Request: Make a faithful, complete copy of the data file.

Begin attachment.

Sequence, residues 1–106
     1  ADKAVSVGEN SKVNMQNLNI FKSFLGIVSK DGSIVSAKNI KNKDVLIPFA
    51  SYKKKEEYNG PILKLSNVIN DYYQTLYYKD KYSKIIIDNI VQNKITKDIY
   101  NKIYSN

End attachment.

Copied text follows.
Sequence, residues 1–106
     1  ADKAVSVGEN SKVNMQNLNI FKSFLGIVSK DGSIVSAKNI KNKDVLIPFA
    51  SYKKKEEYNG PILKLSNVIN DYYQTLYYKD KYSKIIIDNI VQNKITKDIY
   101  NKIYSN